How Well Does It Work
PimpStreamer doesn't work all that great for me. The vidoe looks like good quality but it jumps quite a bit and stutters. I have read some tips on how to fix it, but will have to sit down and play with it for a bit. My computer with the server is close to 6 years old and is running around 90% for the PimpStreamer process, so that could very well be the problem itself.
Either way, check it out. It is a nifty little program that could save you the hassle of having to encode and upload to your PSP anytime you want to watch something.
I am just reiterating most of what was in the first article. This algorithm is improved in some ways. In particular, it now searches from both the start and the end point until it finds the best path. This greatly improves the performance on unique wall setups.
I created my first version of an A* Pathfinding Demo. It is an applet further down this page, so you will need Java installed. Basically, you can draw a map by setting a start point, end point, and drawings walls. Then press Start to watch the algorithm think its way through.
Keep in mind, you are still allowed to have multiple starting or end points, but it will only lose the highest grid number of each when the algorithm starts. It costs 10 units to move left, right, up, or down and it costs 14 to move on the diagonal.
If you pause AStar, any map changes at that time will also do nothing to change how the algorithm will finish.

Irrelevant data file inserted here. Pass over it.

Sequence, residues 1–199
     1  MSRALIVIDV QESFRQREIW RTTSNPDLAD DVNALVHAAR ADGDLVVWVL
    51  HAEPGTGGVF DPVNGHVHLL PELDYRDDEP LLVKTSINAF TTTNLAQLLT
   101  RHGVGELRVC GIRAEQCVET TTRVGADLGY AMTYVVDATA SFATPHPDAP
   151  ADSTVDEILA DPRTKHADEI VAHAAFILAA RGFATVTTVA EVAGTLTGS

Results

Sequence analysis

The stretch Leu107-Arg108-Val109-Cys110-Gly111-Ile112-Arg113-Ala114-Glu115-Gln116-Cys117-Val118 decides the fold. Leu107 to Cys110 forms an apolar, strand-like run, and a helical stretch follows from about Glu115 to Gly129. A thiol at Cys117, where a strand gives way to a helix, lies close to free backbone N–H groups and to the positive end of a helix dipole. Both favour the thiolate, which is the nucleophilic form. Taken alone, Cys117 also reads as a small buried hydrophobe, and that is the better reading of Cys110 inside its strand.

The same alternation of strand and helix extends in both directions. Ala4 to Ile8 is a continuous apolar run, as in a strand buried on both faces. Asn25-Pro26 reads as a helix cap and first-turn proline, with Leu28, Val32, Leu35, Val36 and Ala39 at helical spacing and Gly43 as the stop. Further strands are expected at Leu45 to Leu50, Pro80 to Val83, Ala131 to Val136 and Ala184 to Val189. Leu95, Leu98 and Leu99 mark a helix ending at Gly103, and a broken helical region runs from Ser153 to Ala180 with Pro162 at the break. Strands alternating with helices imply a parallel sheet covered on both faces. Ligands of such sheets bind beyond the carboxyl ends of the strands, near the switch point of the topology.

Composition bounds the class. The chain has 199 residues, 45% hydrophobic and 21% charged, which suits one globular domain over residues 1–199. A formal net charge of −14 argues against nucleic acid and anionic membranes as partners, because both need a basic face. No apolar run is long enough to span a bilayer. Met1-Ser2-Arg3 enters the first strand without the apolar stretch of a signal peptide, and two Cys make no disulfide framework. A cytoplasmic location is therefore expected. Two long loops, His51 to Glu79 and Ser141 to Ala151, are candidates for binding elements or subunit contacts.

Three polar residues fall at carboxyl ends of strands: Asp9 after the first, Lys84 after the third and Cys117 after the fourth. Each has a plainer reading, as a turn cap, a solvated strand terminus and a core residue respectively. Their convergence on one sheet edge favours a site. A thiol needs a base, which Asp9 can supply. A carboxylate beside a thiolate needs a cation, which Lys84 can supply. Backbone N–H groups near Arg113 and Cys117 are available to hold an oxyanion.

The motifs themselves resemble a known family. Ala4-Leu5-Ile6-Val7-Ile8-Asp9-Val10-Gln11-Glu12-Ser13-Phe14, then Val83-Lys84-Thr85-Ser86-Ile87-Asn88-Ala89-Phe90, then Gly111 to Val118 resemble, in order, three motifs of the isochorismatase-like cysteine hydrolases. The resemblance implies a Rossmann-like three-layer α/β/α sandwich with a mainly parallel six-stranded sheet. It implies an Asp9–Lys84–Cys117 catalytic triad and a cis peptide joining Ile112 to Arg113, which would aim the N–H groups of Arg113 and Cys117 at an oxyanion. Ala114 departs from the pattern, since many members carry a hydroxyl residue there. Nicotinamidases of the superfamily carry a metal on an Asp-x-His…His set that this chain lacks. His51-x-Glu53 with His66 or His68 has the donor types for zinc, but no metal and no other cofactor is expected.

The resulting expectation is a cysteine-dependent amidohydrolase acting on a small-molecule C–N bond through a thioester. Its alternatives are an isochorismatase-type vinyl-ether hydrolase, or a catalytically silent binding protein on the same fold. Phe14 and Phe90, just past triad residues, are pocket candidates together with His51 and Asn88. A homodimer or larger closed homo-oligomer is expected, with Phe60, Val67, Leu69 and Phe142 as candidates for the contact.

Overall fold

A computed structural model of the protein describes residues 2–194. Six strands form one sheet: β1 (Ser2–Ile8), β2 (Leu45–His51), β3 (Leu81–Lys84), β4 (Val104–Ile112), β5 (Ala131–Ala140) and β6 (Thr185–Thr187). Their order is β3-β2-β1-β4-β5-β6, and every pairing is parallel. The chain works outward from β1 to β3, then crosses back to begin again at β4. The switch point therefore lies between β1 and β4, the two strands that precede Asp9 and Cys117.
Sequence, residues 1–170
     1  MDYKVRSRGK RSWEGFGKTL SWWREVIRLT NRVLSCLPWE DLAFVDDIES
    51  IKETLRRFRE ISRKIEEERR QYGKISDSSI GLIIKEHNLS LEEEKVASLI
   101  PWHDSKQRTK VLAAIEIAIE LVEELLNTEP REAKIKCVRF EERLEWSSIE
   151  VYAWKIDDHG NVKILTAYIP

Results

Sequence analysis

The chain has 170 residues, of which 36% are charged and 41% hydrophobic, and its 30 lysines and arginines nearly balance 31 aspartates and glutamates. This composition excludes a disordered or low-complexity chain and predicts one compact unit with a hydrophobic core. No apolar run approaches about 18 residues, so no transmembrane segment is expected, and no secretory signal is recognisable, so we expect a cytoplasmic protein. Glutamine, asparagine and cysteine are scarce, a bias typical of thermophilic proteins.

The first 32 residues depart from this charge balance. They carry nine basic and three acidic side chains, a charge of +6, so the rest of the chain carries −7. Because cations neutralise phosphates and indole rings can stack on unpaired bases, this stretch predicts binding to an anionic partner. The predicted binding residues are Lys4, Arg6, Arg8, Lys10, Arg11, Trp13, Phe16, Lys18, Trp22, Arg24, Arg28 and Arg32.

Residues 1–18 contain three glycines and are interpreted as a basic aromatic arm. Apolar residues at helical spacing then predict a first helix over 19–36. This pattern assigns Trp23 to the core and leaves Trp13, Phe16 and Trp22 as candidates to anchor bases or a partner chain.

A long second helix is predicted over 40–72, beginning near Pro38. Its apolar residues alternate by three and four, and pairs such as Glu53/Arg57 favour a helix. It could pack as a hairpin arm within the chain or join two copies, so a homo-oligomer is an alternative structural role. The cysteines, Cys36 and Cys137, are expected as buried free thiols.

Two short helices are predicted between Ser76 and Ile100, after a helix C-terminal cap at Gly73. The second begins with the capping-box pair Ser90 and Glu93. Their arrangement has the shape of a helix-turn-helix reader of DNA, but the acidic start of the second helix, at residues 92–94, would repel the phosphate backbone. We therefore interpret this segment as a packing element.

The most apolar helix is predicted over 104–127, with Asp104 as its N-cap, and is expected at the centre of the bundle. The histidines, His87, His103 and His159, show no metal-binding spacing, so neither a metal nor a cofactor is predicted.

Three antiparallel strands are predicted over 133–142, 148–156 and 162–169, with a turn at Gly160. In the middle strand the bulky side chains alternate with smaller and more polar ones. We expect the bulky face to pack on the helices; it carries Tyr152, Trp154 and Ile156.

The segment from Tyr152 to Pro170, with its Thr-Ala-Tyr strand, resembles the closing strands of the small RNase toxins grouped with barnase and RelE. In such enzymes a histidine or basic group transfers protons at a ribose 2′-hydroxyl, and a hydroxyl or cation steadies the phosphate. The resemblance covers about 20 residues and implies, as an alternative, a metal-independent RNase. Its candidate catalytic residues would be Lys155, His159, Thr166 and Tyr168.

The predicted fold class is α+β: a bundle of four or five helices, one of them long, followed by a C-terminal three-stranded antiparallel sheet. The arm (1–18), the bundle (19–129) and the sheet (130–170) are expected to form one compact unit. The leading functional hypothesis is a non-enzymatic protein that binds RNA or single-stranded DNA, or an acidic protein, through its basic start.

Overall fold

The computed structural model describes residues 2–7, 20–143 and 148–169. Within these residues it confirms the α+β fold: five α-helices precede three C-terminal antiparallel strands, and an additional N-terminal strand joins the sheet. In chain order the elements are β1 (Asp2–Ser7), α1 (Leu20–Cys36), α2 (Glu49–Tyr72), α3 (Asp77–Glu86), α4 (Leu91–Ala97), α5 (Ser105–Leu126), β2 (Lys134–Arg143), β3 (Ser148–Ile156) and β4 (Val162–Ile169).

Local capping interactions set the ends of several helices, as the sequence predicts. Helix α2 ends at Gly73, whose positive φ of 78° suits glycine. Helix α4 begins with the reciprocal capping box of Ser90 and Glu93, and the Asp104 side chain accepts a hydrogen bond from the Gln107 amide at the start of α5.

Here are a few instructions:
To set a wall, click on a square once. It will turn red.
To set a start point, click on a square twice. It will turn to a wall on the first click, but the next sets it to a blue start point.
To set an end point, click on a square three times. Just like above, it will turn to a purple end point.
To clear a grid square to just be walkable, click on it until it turns white again.
Just click Start when you are ready to go. It will work its way through, color coding each block to show its status and if it belongs to the open or closed lists in the algorithm. You can pause at any time. At the end, it will trace in pink, the path it wants to take.
You can adjust the speed as to how fast it runs by inputting a new number when AStar is stopped.
I recently had the error "iTunes has detected an iPod in recovery mode - Use iTunes to restore" whenever I would try to synch my iPod. It was driving me nuts. And even when I would restore it, I would get the same error continually. The message wouldn't go away.
I had a USB card reader for my SD card that was causing some errors. I pulled out the card reader and rebooted my laptop. Afterwards, everything was fine. I still had to recover my iPod, but it synched everything back on and worked just like befoer.
A friend of mine the other day had their hard drive approaching death. It was grinding away and had a number of errors occurring. It was time to replace it.
After picking up a hard drive that was almost double the size, he gave it to me as I offered to install it.